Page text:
In the last article, I have talked about Evaluation Metrics for Regression, and In this article, I am going to talk about Evaluation metrics for Classification problems.
In Classification problems, we try to predict and to identifying which of a set of categories a new observation belongs to, For Example; assigning a given email to the “spam” or “non-spam” class.
Before getting into the evaluation metrics, we have first to know about Confusion Matrix, which is a specific table layout that allows visualization of the performance of an algorithm and also to evaluate the accuracy of a classification problem.
Each row of the matrix represents the instances in a predicted class, while each column represents the instances in an actual class (or vice versa).
0 is the negative class.
1 is the positive class.
TP: or True Positives, means the number of cases where the actual class was 1 and also the predicted class was 1.
TN: or True Negatives, means the number of cases where the actual class was 0 and also the predicted class was 0.
FP: or False Positives, means the number of cases where the predicted class was positive (1) and the actual class was negative (0)
FN: or False Negatives, means the number of cases where the predicted class was negative(0) and the actual class was positive(1)
I know, In the first impression, It seems very complicated but once you test with some real examples, you will realize that it was not a big deal, and here is an example that can help you to understand what I am trying to say; https://en.wikipedia.org/wiki/Confusion_matrix#Example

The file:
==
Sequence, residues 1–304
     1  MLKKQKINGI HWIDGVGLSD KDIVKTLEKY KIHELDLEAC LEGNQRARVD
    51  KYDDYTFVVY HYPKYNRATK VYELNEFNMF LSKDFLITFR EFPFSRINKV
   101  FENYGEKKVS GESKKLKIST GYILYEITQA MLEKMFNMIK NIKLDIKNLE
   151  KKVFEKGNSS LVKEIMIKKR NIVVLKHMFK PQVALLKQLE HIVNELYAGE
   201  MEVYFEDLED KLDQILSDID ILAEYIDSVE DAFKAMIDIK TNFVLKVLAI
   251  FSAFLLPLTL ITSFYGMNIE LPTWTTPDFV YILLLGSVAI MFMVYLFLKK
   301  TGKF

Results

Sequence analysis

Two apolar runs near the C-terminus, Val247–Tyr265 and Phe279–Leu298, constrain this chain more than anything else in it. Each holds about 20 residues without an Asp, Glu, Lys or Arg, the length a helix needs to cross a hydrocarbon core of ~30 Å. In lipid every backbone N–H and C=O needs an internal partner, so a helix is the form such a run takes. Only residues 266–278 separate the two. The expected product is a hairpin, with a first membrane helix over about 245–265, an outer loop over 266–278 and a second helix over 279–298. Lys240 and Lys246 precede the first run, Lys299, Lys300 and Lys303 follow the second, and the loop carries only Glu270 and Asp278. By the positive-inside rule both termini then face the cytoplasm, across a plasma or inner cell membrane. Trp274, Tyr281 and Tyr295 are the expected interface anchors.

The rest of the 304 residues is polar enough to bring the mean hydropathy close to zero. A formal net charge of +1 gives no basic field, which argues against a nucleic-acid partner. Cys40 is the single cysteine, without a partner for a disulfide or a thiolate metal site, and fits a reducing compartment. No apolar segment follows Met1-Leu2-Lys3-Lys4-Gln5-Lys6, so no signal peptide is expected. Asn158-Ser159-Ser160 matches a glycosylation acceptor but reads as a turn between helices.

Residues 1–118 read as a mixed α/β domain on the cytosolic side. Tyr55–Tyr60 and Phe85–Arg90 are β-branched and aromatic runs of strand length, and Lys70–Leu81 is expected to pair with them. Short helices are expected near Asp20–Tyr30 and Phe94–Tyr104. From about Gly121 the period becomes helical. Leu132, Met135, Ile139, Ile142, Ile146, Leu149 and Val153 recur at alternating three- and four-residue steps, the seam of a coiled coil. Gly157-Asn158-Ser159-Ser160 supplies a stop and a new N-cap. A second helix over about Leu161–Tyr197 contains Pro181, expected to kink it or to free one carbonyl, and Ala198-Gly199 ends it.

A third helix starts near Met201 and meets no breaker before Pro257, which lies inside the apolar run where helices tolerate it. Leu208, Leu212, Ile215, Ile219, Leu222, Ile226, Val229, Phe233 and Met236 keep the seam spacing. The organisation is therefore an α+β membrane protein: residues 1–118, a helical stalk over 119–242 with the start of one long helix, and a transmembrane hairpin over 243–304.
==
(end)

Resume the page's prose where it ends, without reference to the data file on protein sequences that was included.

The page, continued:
It is very important to understand the Confusion Matrix, because, we are going to need it when computing evaluation metrics,
Let’s consider this example: https://en.wikipedia.org/wiki/Confusion_matrix#Example, in which we have: cats belong to class 1 (positive class) and dogs belong to class 0 (negative class)
we calculate the Accuracy, by dividing the total number of true predictions (TP + TN) by the total number of all the cases (TP + TN + FP + FN)
In our example;
the accuracy = (5 +3 ) / (5+ 3 + 2 + 3) = 8/13 = 0.61 = 61%,
this result tells us that your model has classified 60% of the data correctly.
and as you may notice in this metric, we focus just on the positive class or side.
In our example, the precision is going to be:
precision = 5 / (5 + 2) = 5/7 = 0.71.
Of course, you will ask, why do we need this precision while we have accuracy?
Good question, and to understand the difference and the importance of each metric, you have to work on different problems and cases, because, you will find out in some cases calculating accuracy is not good enough to determine if your model is doing a great job, and there are other cases where the recall metric is the better one.
in recall metric, we divide the true positives (TP = Actual positives and predicted positives 1) by the sum of the true positives and the false negatives (FN = Actual positives and predicted negatives)
In our example:
recall = 5 / (5+3) = 0.62
This is another metric, in which, we use precision and recall values.
In our example:
F1 = (2*0.71*0.62)/(0.71+0.62) = 0.66.
For classification problems, Accuracy is not always the best metric to evaluate your model, recall and precision can be better in some cases especially in imbalanced classification tasks (Credit Card fraud detection for example)
In the next article, I am going to give some examples where precision and recall can perform better than calculating accuracy, and you will see that accuracy does not provide a useful assessment on several crucial problems.
If you have any questions or clarifications do not hesitate to contact me, Thanks!